• Audiobooks.com: 4.2

In his memoir, On Writing, King himself admits that he was trying too hard in Rose Madder and that the storyline was somewhat stiff as it reads as two separate stories merged uncomfortably. It is no surprise that the novel ended up being one of his least well-received efforts.

Exploring the effects of domestic violence, Rose Madder tells the story of a woman who leaves her husband after years of abuse. To make sure he never finds her, she steps into a magic painting that serves as a portal to another world.

10. The Tommyknockers (1987)

  • Goodreads: 3.6/5
  • Audible: 4.5/5
  • Abebooks: 3.56/5
  • Audiobooks.com: 4.3/5
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The Tommyknockers ranks as the worst of all Stephen King books as he himself views it as an awful effort. The author, who has openly admitted and discussed his struggles with alcohol and drugs, noted that he wrote the book in one of those times in which he was under the influence. The story centers around the residents of the Maine town of Haven who gradually fall under the influence of alien artefacts unearthed in the woods.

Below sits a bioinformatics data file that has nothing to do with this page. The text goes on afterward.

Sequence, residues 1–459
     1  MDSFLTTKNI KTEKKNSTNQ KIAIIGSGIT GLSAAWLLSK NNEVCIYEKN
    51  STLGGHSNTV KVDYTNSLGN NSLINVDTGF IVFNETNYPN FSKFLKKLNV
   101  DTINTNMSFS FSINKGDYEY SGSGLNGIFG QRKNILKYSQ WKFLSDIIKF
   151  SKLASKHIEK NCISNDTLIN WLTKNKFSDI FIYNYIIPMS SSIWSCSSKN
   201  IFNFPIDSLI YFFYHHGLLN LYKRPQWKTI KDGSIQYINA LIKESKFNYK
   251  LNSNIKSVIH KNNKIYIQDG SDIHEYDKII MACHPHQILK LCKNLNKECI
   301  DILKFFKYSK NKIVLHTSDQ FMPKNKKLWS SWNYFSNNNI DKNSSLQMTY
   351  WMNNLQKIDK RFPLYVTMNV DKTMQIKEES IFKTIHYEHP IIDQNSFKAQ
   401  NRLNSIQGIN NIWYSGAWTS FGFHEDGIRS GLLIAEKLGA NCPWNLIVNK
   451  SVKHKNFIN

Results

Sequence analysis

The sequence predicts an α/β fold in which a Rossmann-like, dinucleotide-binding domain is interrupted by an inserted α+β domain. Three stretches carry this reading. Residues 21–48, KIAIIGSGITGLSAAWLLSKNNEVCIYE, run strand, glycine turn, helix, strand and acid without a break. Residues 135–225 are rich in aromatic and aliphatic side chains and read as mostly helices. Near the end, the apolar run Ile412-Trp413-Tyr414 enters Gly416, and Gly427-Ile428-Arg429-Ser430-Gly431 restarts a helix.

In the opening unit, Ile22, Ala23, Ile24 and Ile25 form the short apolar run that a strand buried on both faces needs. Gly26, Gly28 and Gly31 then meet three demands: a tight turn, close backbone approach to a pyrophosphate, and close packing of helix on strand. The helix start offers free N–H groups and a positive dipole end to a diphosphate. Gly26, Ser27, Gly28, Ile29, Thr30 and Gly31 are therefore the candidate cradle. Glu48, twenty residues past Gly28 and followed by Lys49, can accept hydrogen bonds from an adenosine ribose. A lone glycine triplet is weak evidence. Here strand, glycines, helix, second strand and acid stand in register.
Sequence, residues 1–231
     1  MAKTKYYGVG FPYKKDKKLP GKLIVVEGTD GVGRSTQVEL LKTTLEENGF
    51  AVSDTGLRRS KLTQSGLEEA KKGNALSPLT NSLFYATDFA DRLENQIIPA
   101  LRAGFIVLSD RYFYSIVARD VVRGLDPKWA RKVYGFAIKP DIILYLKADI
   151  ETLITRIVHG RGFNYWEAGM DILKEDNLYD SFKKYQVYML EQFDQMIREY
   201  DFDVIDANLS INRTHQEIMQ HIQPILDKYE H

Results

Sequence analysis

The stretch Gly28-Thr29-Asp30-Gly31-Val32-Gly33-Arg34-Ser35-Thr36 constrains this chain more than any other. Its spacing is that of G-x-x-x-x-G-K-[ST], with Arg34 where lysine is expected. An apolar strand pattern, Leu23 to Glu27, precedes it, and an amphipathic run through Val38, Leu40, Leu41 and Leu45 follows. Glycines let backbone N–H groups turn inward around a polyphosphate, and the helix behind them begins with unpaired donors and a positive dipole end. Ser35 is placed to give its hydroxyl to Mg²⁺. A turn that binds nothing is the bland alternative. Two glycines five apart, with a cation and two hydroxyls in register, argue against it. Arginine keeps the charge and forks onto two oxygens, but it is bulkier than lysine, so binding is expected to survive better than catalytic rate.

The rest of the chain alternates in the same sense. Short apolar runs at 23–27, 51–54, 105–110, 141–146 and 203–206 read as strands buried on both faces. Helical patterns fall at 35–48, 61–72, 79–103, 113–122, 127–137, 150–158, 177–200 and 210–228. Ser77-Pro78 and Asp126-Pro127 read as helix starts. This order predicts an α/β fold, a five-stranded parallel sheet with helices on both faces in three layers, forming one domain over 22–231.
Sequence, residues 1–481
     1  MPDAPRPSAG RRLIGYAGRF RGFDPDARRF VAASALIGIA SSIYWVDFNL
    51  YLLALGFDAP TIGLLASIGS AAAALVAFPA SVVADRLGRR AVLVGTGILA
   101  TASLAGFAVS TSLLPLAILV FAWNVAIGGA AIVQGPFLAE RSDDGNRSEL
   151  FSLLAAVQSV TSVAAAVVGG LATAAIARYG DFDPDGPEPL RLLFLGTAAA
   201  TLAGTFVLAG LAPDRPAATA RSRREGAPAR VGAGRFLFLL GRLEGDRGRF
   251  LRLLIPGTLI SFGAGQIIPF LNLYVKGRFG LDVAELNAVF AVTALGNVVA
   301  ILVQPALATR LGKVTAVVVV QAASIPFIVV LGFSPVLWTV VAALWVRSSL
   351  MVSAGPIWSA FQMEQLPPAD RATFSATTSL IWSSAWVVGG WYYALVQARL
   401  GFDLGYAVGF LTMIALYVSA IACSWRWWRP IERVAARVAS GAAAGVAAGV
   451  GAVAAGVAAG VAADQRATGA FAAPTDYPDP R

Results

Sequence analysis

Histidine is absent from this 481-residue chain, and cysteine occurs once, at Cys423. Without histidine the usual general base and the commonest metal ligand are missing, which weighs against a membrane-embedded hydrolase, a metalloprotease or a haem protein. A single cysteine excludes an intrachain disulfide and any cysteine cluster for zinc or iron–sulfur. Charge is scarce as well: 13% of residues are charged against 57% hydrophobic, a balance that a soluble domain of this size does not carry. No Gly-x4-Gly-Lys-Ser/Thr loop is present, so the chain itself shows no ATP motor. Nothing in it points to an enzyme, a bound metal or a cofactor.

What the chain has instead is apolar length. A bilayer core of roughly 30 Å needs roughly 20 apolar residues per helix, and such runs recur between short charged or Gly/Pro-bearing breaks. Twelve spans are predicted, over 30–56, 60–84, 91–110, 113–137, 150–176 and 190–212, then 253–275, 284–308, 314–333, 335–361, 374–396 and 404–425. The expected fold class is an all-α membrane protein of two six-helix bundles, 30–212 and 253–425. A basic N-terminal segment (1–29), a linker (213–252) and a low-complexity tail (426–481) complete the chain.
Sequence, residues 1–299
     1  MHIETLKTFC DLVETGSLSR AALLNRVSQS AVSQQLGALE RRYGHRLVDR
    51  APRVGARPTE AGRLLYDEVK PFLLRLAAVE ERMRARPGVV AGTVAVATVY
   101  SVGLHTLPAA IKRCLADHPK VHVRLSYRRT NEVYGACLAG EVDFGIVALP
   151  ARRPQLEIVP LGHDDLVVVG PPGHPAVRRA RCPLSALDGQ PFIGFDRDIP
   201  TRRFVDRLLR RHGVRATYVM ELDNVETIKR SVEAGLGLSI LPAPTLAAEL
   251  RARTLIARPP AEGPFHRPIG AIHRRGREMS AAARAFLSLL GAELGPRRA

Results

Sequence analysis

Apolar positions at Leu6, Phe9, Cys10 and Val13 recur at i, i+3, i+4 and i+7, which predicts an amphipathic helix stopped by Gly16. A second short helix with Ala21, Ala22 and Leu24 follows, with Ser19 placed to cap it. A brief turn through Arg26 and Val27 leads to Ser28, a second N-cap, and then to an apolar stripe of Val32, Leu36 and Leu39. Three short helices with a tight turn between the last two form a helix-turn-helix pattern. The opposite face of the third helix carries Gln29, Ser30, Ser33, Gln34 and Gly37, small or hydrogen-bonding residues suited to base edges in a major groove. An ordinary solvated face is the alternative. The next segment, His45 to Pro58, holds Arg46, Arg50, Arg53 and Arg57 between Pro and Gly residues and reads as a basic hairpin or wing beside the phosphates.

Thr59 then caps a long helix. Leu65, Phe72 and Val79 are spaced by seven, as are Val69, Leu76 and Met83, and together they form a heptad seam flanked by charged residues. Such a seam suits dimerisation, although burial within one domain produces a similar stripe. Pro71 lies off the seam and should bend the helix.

Recap

Here’s the list of Stephen King’s books rated from best to worst:

  1. The Shining (1977)
  2. The Dark Tower Series
  3. It (1986)
  4. Misery (1987)
  5. The Green Mile (1996)
  6. The Stand (1978)
  7. Pet Sematary (1983)
  8. Cell (2006)
  9. Rose Madder (1995)
  10. The Tommyknockers (1987)

Other Books By The Author

  • The Talisman (1984)
  • Firestarter (1980)
  • ‘Salem’s Lot (1975)
  • 11/22/63 (2011)
  • Carrie (1974)
  • The Dead Zone (1979)
  • Gerald’s Game (1992)
  • Thinner (1984) – published under the pseudonym Richard Bachman
  • Insomnia (1994)
  • The Long Walk (1979) – published under his pseudonym
  • The Eyes of the Dragon (1984)
  • Black House (2001)
  • Revival (2014)
  • Sleeping Beauties (2017)
  • Christine (1983)
  • Needful Things (1991)
  • Roadwork (1981) – published under his pseudonym
  • Lisey’s Story (2006)
  • The Running Man (1982) – published under his pseudonym
  • Elevation (2018)
  • Under the Dome (2009)
  • The Girl Who Loved Tom Gordon (1999)
  • From A Buick 8 (2002)
  • Joyland (2013)
  • Cujo (1981)
  • Blaze (2007) – published under his pseudonym
  • Desperation (1996)
  • End of Watch (2016)
  • Mr. Mercedes (2014)
  • The Dark Half (1989)
  • The Outsider (2018)
  • Rage (1977) – published under his pseudonym
  • The Regulators (1996) – published under his pseudonym
  • Dreamcatcher (2001)
  • Bag of Bones (1998)
  • Dolores Claiborne (1992)
  • Doctor Sleep (2013)
  • Finders Keepers (2015)
  • Duma Key (2008)
  • The Colorado Kid (2005)
  • Cycle of the Werewolf (1983)
Chizzy Onukogu
Chizitere is a writer and editor with over five years of experience in producing articles on various subjects. My writings have been published on multiple websites and publications